[2] Gelsenkirchen, North Rhine-Westphalia, Germany, Geburtsregister [Births], no. 644, Elisabeth Maria Linnemann (1897); Institut für Stadtgeschichte, Gelsenkirchen, Germany.

[3] Westmoreland County, Pennsylvania, Court of Common Pleas, no. 3682, Christ Linneman, declaration of intention; Prothonotary’s Office, Greensburg.

[4] “St. Peter’s Episcopal Church (Pittsburgh),” Wikipedia (https://en.wikipedia.org/wiki/St._Peter%27s_Episcopal_Church_(Pittsburgh) : accessed 6 January 2020).

[5] “Marriage Licenses,” The Pittsburgh Post-Gazette (Pittsburgh, PA), 19 January 1915, p. 18, col. 7; digital image, Newspapers.com (http://www.newspapers.com : accessed 6 January 2020).

© 2020 LAURA CUBBAGE-DRAPER. ALL RIGHTS RESERVED.

Wedding Wednesday – Piecing Together Details About a Marriage

On Saturday, January 12th, it will be the wedding anniversary of my second great-grandparents, Charles Schwenk and Marian “Mary Ann” Burd. They were married in 1871 in Pittsburgh, Pennsylvania.

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This photocopy of the marriage certificate is from a file of family records and images that my grandfather had with his pictures.[1]  I do not know who has the original image, but my father believes that several family heirlooms and records were photocopied in the 1970s and given to my grandfather by one of his sisters.

This certificate confirms the marriage that I found in a complied book of marriage returns from the City of Pittsburgh: Charles Schwenk, age 24, married Mary Ann “Bird,” age 21, on 12 January 1871 in a Civil Ceremony by Samuel McMasters, Ald.[2]  Both Charles and Mary Ann were from Saltsburgh, Allegheny County (a village in North Versailles Township).

While it’s fantastic to find documents and abstracts about our ancestors, there is so much more that I would love to know about Charles and Mary Ann.  I don’t have any pictures of them, or diaries or letters …  but what if I could know a little more about their wedding?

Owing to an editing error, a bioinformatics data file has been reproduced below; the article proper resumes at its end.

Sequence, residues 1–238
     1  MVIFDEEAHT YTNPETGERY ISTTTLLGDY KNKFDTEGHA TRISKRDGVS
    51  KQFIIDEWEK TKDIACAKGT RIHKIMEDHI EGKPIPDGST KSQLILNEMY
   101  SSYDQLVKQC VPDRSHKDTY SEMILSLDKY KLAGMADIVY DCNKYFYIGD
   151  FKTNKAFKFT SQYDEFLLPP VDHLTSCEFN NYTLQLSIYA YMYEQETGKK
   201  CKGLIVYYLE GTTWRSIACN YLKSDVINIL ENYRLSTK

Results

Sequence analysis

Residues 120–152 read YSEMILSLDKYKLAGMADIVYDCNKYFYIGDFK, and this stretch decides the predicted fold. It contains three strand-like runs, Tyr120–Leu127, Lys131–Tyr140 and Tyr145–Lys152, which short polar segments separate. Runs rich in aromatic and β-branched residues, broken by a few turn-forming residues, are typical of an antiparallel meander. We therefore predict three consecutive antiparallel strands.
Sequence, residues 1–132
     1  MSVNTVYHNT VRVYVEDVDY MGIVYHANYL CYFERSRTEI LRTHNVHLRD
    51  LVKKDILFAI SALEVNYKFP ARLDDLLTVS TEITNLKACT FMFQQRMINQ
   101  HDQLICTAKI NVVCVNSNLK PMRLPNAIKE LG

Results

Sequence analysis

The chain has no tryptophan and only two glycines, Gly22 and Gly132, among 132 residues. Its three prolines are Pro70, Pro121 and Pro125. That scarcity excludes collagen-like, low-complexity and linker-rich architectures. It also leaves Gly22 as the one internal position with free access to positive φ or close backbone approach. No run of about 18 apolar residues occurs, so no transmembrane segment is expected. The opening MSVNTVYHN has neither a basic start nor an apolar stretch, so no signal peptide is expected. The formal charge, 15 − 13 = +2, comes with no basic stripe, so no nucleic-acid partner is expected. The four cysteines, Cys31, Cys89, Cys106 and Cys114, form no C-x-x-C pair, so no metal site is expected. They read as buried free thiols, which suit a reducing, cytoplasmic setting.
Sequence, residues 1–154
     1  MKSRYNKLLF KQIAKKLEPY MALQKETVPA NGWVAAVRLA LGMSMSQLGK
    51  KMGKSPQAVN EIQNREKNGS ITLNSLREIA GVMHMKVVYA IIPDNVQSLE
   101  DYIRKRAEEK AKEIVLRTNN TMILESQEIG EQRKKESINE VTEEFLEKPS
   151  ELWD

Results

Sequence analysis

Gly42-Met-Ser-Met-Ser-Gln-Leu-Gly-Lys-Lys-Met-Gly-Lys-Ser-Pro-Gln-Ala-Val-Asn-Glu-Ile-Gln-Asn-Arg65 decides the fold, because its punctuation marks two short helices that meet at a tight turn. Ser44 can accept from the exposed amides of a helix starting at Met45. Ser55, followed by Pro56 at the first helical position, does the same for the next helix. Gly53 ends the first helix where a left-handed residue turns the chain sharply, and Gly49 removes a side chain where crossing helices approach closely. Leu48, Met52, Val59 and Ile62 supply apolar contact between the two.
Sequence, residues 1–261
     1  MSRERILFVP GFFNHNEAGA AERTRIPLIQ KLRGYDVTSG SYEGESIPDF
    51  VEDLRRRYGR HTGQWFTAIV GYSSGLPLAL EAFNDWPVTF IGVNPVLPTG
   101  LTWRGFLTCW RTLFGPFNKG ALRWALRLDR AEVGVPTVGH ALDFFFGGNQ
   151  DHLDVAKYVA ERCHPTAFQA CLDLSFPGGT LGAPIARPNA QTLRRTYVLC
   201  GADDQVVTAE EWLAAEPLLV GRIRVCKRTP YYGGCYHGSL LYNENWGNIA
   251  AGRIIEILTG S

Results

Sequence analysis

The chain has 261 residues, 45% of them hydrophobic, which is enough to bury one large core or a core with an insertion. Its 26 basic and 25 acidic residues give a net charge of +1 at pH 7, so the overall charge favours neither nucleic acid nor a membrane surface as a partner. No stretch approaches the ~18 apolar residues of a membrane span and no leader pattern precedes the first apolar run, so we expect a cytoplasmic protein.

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Charles was a Civil War Veteran who applied for an invalid pension. In the many, many incredible documents that were included in his Compiled Service and Pension records, there is an affidavit that Mary Ann submitted for her widow’s pension. She needed to prove that she was married to Charles. The affidavit was from Isaac and Martha Mason and dated 3 March 1899.[3]

That the soldier Charles G. Schwenk and Mary A Schwenk now a Widow were married on January the 12″ 1871 at Pittsburgh Pa. That said Mary A Schwenk was living with them at Saltsburg Pa at the time of her marriage to the soldier Charles G. Schwenk.
That after the return of the couple from Pittsburgh were the marriage took place, they had the wedding supper at their (Deponents House) and that they the Deponents participated at the wedding festivities held in honor of the said marriage.
That the said Mary A. Schwenk lived with them (Deponents) for about 2 years before her marriage to the soldier and know that she was not married prior to the marriage to the soldier above named.
That they know the facts testified to in this affidavit of their own Personal knowledge, having had an intimate aquaintence with Mary A Schwenk before and after her marriage to the soldier.